You mean my big lens can take close up macro shots as well? Yes, it can, and the results can be so satisfying,

Take a close look at this ‘macro’ type shot of Toulouse. I tried to zoom in as close as I could and remain sharp. The centre of the eye is clear enough that you can see the reflection of a white building and maybe even the outline of me taking the photo.

Telephoto Lens for Beginners story using an example of a zooming shot of a cat's eye.
ISO 200 250 mm F5.6 1/125

Use an out of focus ‘foreground’ to frame your cat

This can be a bit tricky as your focus might jump to the foliage or other ‘frame’ you are using to your cat and back again – this is startling when it happens but try your best to focus on your cat. The photograph below shows Toulouse framed by ground level foliage that surrounds his face. I didn’t get a perfect shot because one eye is hidden behind a blurry twig but, I think you will get the idea.

ISO 200 250mm F 5.6 1.50 © Dash Kitten

I hope that you will be encouraged to experiment yourselves with a telephoto lens. They bring a shy cat closer to your camera or let you take amazing action shots or stunning close-ups. I am discovering that the more I use this lens, the more I learn and you will too. My best tip would be to keep exploring and keep taking photos, the more you take pictures the better you get. Using your camera is simply the best way to learn.

Have you tried a new lens, one that surprised you? Let me know in the comments.

Photo Resources

  • A full explanation of telephoto lenses – Wikipedia
  • Tips when using Continuous Shooting (Burst) Mode – The Lens Lounge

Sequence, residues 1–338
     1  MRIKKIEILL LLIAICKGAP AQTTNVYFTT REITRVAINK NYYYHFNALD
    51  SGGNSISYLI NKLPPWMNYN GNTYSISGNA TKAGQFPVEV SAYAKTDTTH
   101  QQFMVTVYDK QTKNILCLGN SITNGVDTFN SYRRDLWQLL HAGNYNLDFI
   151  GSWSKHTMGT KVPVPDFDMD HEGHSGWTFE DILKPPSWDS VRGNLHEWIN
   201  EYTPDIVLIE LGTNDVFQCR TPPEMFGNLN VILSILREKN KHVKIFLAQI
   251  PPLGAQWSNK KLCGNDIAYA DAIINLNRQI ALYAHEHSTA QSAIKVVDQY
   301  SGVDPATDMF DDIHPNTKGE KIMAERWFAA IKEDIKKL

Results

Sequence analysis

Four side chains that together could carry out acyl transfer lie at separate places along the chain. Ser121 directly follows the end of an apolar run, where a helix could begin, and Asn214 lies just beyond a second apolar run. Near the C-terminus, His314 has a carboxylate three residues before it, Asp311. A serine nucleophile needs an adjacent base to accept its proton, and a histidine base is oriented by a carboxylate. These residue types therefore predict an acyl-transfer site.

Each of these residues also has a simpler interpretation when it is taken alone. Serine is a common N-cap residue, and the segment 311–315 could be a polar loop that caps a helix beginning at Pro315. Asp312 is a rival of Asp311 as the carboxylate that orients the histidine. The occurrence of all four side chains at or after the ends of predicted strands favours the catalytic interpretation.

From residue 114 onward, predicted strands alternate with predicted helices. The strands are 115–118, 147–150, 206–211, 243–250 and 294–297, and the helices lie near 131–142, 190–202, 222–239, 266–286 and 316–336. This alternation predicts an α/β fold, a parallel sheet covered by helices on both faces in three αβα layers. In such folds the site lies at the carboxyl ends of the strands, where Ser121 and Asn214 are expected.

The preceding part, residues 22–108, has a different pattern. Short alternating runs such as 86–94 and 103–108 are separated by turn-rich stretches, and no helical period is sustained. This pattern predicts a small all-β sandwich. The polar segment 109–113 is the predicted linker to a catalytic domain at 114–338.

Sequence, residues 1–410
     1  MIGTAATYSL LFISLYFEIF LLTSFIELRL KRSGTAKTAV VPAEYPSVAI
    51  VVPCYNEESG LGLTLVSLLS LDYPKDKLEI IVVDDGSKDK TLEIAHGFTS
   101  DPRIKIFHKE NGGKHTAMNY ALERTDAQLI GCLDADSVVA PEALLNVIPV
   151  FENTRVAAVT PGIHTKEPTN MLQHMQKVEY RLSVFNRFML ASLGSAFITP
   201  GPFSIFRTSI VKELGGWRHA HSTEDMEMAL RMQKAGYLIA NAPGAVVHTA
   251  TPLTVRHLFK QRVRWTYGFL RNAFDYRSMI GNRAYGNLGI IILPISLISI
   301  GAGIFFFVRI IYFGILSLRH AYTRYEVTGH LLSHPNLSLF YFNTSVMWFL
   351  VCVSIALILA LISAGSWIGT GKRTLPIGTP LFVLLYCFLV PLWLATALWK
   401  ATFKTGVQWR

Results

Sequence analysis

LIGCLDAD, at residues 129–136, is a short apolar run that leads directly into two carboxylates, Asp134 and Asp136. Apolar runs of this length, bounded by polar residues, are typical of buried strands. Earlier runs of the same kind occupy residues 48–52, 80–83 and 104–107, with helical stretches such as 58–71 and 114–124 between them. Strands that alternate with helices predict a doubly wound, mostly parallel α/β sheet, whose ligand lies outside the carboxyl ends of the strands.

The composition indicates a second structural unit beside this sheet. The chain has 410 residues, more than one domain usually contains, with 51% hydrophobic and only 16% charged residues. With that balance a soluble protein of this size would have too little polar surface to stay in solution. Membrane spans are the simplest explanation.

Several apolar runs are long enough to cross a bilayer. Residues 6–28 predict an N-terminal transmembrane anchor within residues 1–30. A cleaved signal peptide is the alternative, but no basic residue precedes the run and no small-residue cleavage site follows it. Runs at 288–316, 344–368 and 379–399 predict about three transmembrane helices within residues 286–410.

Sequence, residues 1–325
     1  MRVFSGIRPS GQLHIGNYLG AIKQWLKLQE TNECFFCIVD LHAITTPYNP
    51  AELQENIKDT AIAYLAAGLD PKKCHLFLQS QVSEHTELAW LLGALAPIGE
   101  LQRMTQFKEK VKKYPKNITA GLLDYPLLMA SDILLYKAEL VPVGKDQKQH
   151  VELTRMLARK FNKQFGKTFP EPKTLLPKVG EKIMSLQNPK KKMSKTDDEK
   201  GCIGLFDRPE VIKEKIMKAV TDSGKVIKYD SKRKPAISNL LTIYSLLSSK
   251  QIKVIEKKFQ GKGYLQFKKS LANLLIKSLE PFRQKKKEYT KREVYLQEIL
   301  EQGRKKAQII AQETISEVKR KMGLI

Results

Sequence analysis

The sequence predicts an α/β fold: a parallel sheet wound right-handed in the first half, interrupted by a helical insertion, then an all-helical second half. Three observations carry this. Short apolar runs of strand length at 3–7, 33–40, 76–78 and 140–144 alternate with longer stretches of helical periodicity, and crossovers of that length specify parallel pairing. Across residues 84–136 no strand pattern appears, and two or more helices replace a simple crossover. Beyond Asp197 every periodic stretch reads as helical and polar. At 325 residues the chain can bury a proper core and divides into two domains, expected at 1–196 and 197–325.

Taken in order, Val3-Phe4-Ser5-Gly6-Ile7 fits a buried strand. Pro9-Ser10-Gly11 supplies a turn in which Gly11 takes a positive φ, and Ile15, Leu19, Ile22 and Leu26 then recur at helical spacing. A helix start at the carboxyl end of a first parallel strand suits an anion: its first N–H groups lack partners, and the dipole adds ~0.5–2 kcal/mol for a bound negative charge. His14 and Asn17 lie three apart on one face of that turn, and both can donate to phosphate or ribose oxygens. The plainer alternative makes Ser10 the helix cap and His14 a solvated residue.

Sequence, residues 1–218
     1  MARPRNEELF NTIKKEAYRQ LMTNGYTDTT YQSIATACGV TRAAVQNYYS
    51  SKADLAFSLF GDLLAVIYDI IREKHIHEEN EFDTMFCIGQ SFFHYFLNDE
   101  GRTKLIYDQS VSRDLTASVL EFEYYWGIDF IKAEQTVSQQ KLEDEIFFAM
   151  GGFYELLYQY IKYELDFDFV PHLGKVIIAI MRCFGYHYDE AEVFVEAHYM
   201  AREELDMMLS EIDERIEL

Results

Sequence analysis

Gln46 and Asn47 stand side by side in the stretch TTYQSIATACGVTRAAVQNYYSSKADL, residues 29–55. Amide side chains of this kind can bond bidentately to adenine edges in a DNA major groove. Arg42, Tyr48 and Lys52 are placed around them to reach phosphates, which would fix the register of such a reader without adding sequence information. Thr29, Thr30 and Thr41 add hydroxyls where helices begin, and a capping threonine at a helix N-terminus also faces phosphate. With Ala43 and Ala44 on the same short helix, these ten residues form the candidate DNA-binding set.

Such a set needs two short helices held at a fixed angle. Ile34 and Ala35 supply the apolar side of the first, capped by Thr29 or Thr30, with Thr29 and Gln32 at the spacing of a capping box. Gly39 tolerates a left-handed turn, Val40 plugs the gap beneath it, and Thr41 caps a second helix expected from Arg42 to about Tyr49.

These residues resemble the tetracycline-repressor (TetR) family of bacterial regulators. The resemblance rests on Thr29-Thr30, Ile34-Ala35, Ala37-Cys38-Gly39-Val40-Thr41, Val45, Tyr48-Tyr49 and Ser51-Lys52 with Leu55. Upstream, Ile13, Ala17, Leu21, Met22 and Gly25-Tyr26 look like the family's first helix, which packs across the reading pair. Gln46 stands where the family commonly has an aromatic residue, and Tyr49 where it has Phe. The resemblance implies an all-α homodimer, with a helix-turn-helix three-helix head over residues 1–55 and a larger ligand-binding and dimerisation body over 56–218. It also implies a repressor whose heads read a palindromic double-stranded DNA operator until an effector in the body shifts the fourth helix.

• What is focal length? “Focal length, usually represented in millimeters (mm), is the basic description of a photographic lens. It is not a measurement of the actual length of a lens, but a calculation of an optical distance from the point where light rays converge to form a sharp image of an object to the digital sensor or 35mm film at the focal plane in the camera.” Nikon
  • Specialist Telephoto Lens summary by Expert Photography.

11 thoughts on “Beginner Cat Photos With A Telephoto Lens”

  1. I love these photos! A telephoto lens is a wonderful lens to have, especially for pet photography.

    When I was photographing weddings (an 8 hour day or more), I used a monopod to help me hold the camera steady. It made a huge difference. The only downside to it is if your subject is on the ground. In that case, just lay down.

  2. This is great information! I have been doing photography as a hobby for a while now, but I’ve never invested in a telephoto lens before. That being said, I totally can see how it would be helpful when reading through this. I share my house with 2 torties and when that tortitude kicks in, it would be nice to take some pictures from a distance! lol

  3. Great photos and descriptions of using a telephoto lens. I haven’t used one with my current camera with my cats but I did use one when I was a teacher who led the yearbook staff. I need to pull out my lens and give it a try.

  4. I don’t think I’m quite ready for a telephoto lens … I haven’t gotten my 50mm yet (though it’s on its way!). Incredible photography – as always!

  5. My dad had a Canon SLR, and he did wonders with his telephoto lens…but it wasn’t a digital camera…and brother has it now…hah!
    Hubby has a digital DSLR, but it isn’t his so he cannot let me use it…its for his work and belongs to the city. So I am (stuck) using my P&S Canon SX40, which has a zoom lens on it, sort of like a baby telephoto lens.

    Ah, well, it does a pretty good job none the less!
    I wish I had more time to take and learn the techniques of good close ups. And more!

    My comments were not going through in some of your previous posts, so I hope this will…I tried on multiple browsers…sigh…

  6. WoW! The things you can do! I don’t have that kind of lens, so I guess I shall have to keep using photoshop! Have a marvellously Happy Day!

  7. That shot of Toulouse is especially wonderful, Marjorie! My telephoto lens is so helpful when photographing shy cats at the shelter. 🙂

  8. I’ve had a telephoto lens for a while now but I haven’t got round to making the most of it yet so this is great advice – thanks!